Cafe du Cycliste's Cycling Cap Sardine is a hybrid of classic style and modern practicality. I found ours absolutely perfect for my head shape and generous shock of hair, which is pretty good going for a single one-size-fits-all.
Made in Italy, the Sardine is part of CduC's animal range, influenced, we're told, by local nature and landscape. When it comes to caps, I'm generally a merino man, with a leaning towards bold but simple retro styling. With that in mind, I really liked the bold navy blue backdrop and to my surprise, the quirky graphics were also a hit.
It's a four-panel design made from a blend of polyester and cotton. This promises to keep the wearer temperate, whether its 37 degrees or slipping into single figures.
Standards of construction are high, although no less than I'd expect from this end of the market. Stitching is neat and uniform throughout, seams flat and the elasticated back snug, without becoming intrusive or branding your head after a few hours riding.
Inside the rim sits an anti-bacterial strip to prevent, or at least discourage, nasty niffs, and up front the porch-like peak is designed to defend against torrential rain and brutal sun. I'm pleased to report this is easily flipped up and doesn't hinder folding, should you want to whip it off and stuff it in a jersey pocket.
Staying with the peak a moment, it's aggressive, almost beak-like, and I'm used to shallower, rounded profiles. Worn beneath several road helmets, I found it restricted my field of vision, though some gentle manipulation corrected this without impairing protection. That done, it's offered decent defence against dust, sun and short but very intense downpours.
The poly/cotton blend is a world away from the cotton trade caps I remember from my late teens and early twenties. Cruising along at 20-23mph in glorious sunshine and temperatures hitting the mid 20s, that familiar glow creeps in after 30 minutes or so. From then on, fibres awaken and temperature regulation is pretty consistent. Blessed with a thick shock of hair (it's not me in the photos), I wasn't surprised to find it matted and sweaty after several hours, though it didn't reach the stage where I was worrying about catching a chill on late evening meanders.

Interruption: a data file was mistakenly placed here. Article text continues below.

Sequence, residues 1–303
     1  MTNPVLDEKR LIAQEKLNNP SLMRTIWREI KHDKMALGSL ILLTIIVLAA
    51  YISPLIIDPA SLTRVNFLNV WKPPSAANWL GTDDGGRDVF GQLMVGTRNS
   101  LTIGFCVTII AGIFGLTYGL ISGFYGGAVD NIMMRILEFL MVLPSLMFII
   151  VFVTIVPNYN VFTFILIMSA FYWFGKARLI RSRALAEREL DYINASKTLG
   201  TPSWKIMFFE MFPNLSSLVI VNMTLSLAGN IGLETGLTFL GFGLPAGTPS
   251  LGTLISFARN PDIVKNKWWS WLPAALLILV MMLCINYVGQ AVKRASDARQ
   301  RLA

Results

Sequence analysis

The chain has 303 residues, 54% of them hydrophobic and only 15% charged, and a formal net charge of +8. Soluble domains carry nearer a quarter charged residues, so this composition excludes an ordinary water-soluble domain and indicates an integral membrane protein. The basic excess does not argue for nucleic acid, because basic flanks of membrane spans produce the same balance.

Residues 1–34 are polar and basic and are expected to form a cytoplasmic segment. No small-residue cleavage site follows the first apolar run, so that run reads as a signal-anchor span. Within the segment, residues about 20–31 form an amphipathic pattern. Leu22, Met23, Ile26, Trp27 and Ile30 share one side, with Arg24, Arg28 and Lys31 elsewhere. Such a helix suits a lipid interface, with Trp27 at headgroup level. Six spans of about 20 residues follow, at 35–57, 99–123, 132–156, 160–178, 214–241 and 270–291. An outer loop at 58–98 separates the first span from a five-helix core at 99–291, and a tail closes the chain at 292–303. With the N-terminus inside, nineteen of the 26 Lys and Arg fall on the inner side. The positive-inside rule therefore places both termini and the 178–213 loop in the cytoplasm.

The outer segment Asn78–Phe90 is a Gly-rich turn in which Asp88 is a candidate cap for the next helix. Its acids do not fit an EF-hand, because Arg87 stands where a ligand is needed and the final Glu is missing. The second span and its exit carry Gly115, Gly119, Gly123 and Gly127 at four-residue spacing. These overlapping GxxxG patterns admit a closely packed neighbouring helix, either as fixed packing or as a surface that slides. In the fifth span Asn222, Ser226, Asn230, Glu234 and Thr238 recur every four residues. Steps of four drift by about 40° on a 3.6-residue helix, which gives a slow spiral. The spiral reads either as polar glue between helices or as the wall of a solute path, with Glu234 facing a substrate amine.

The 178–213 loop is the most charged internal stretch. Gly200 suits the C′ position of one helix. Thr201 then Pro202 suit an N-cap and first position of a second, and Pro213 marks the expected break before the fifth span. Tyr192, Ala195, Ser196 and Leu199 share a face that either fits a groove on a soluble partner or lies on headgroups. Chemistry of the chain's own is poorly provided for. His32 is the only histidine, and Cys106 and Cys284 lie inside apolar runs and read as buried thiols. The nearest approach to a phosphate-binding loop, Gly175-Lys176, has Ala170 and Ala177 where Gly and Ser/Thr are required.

Persistent, showery rain needed 30 minutes or so before making its presence known, but given 20 minutes with a stiff breeze and decent pace, materials are 70% dry – faster without a lid on top.
Sans helmet and in blustery conditions, the elastic keeps everything in place – no sensation of lift or incremental creep, even when haring along 1-in-4s at 30-odd.
Remembering those trade caps of my 20s and their funkiness given a few hot-day rides, I resisted any urge to wash it, just to see how effective the anti-bacterial strip was. Credit where it's due, three weeks later things were still socially acceptable. Thirty-degree machine washes with minimal detergent is the cure, when it does. As with merino, avoid the tumble drier and bargain on 35 minutes line-drying time.
Overall, I've been impressed by the balance of comfort, style and performance. Admittedly, the peak wasn't my ideal shape, though it did everything I'd need it to – brilliant on those occasions when I'd left my shades at home.
The £25 price tag is pretty much my upper limit for a cap of this sort, and there are waterproof designs around for less. That said, I would much sooner a shower resistant design that dries quickly over something impervious, especially during the warmer months.